65 students to hop into the unknown
Updated: Mar 10, 2021
Right now, 65 international master students are bubble-hopping. They
are meeting with someone from another bubble. They use the skills
they have learned and will reflect on the meeting in an essay, and take
their learnings further in a short film.
Bubble brief at Stockholm School of Economics before Covid. Before hopping the students have been taught some basic theories about
social capital, attention economy, and cognitive bias, etc. They have been
trained in skills like listening, sharing, and, in particular, asking questions.
We are super curious about the outcome. In the next newsletter, we will
share what happened and what the students, and we, learned.
It is not the first time we ask students to bubble-hop. Close to 800 students
have bubble-hopped and reflected about it by now. The majority of them
have been both surprised and positive. We now have a team of five
teachers at Stockholm School of Economics, who knows how to run a
Parallel with teaching, I am writing the “Bubble Book”. Right now, I am
focusing on the skill of asking questions. The first-hand experiences from
the students are valuable.
There is a growing body of research showing how important questions are
if we want to bridge divides. The right kind of questions are crucial for
building trust in a meeting and to reach new understanding.
- Start with some easy questions to create connection, before you move
into more open-ended ones. Don’t forget to ask follow-up questions. Ask for
concrete examples, situations, and experiences.
- Don´t ask to prove the other person is wrong. Find instead out how he/she
came to that conclusion or opinion. Try to understand the motives behind –
and put yourself in the other person’s shoes.
- Do the same with the other person. Ask questions that might put them in
your shoes, see your perspective.
- Don’t shy away for the complex. Avoid easy dichotomies like the X vs. Y,
black or white-arguing. Making things more complex is known to be one of
the most important thing in conversations that can reach across divides.
- Try to repeat what you have heard and ask if you have understood it
correctly. Ask if something is missing. This “looping” builds trust. The other
feel heard and you get a receipt that you have understood.
- Remember that silent is the anagram of listen. Don’t bomb with questions.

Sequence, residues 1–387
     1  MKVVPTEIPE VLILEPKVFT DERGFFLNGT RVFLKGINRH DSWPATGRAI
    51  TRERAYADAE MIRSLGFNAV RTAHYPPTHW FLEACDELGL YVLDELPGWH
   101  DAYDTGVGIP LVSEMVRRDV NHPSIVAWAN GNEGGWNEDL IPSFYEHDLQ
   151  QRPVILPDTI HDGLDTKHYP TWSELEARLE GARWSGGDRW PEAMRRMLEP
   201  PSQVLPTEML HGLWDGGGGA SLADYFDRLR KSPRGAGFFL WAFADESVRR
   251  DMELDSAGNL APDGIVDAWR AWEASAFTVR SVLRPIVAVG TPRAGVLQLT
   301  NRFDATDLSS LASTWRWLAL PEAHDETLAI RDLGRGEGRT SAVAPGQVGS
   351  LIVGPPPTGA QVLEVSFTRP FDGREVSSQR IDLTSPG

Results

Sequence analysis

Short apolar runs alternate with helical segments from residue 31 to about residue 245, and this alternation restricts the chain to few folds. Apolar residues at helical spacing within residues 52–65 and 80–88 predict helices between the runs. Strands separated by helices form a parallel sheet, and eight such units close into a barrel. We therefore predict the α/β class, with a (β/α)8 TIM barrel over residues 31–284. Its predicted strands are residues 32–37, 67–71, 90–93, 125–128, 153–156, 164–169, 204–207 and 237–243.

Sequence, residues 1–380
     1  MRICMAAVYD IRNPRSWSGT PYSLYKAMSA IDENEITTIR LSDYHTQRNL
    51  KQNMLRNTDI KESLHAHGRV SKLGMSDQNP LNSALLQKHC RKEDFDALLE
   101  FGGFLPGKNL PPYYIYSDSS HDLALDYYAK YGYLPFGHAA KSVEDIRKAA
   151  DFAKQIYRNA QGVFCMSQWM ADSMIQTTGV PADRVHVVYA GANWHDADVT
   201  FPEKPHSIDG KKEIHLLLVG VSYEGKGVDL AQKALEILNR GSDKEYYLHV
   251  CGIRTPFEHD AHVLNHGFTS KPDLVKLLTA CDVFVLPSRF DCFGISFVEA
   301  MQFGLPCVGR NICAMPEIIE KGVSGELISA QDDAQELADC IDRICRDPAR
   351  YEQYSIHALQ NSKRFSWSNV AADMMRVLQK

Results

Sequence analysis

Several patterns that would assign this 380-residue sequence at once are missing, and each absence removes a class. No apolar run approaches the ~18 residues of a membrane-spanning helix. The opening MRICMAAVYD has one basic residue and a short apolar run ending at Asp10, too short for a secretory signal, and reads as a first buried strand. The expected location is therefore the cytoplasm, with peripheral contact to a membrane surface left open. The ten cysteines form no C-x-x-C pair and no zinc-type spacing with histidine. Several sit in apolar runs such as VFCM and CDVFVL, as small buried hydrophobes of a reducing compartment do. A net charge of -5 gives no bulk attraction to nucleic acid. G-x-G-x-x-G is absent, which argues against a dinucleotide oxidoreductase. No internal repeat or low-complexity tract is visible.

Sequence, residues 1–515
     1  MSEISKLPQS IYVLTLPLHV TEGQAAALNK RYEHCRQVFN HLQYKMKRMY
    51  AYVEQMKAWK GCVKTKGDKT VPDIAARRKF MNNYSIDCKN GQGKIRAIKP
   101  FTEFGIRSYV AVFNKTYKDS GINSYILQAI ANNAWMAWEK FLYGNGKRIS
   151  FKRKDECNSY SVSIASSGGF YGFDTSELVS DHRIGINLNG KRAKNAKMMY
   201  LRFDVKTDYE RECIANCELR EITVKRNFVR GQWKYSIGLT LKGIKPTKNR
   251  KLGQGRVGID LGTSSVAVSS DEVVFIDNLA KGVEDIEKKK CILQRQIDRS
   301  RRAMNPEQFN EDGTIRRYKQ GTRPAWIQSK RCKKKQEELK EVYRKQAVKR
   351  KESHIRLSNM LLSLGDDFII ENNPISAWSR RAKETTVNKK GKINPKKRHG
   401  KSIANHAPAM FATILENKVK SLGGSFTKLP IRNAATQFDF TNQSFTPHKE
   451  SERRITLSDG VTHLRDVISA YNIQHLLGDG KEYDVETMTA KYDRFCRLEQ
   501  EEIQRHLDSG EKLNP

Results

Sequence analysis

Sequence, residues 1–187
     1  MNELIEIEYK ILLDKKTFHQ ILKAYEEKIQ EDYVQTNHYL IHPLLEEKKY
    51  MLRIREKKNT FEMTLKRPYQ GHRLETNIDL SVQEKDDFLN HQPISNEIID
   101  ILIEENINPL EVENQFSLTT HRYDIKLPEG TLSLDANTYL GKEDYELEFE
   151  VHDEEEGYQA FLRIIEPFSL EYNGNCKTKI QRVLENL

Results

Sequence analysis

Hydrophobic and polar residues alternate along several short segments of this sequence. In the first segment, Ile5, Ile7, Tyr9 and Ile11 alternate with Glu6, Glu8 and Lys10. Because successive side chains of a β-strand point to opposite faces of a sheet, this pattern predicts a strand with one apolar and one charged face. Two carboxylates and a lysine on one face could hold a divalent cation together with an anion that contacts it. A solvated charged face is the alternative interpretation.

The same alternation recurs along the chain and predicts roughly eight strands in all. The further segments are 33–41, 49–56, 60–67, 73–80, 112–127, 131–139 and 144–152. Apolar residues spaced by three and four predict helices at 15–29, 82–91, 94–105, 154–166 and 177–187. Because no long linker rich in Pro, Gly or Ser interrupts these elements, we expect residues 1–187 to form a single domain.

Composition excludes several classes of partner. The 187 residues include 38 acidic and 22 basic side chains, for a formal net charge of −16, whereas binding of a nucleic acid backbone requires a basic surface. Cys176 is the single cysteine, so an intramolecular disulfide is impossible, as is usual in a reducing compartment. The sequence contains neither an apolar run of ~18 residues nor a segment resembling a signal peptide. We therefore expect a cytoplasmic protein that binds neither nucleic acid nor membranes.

Avoid to interrogate. Make space for answers. Let people think. And do the
same with yourself, think before asking.
All this is easier said than done, especially when you are in the midst of a
difficult conversation or just nervous or in a hurry. The advice is to practice
asking questions before you bubble-hop. Or at any occasion for that matter.
If you cannot remember all the advice above, don’t worry. We usually stick with question areas that work as a reminder:
1. Explore motive. Try to understand the motives behind the other
person’s standpoint. Why has something become so important to the other
2. Shift perspectives. Reflect on each other’s feelings and situations. How
does the other person feel when you share your story? And the other way
around: ask yourself how you would reason, if you were in the other
3. Move forward. Find common ground and a way forward. How could
you, together, solve the problem you are talking about? What can we do
The order of questions depends on the situation and conversation. Be
prepared to improvise. And remember to not only ask the other person, but
also ask yourself!
Finally, if you think questions are as interesting as we do, there are a lot of
resources on how to ask better ones. Here are some we like to go to for inspiration:
Warren Berger calls himself a “questionologist”, has written several books
Hal Gregersen, Exceutive Director of MIT Learning Center, knows a lot
about the role questions can play in innovation and organizations.
Amanda Ripley – 22 questions that ‘Complicate the Narrative’, a foundation
for a new movement of constructive journalism.
What are your favorite sources when it comes to questions? What is your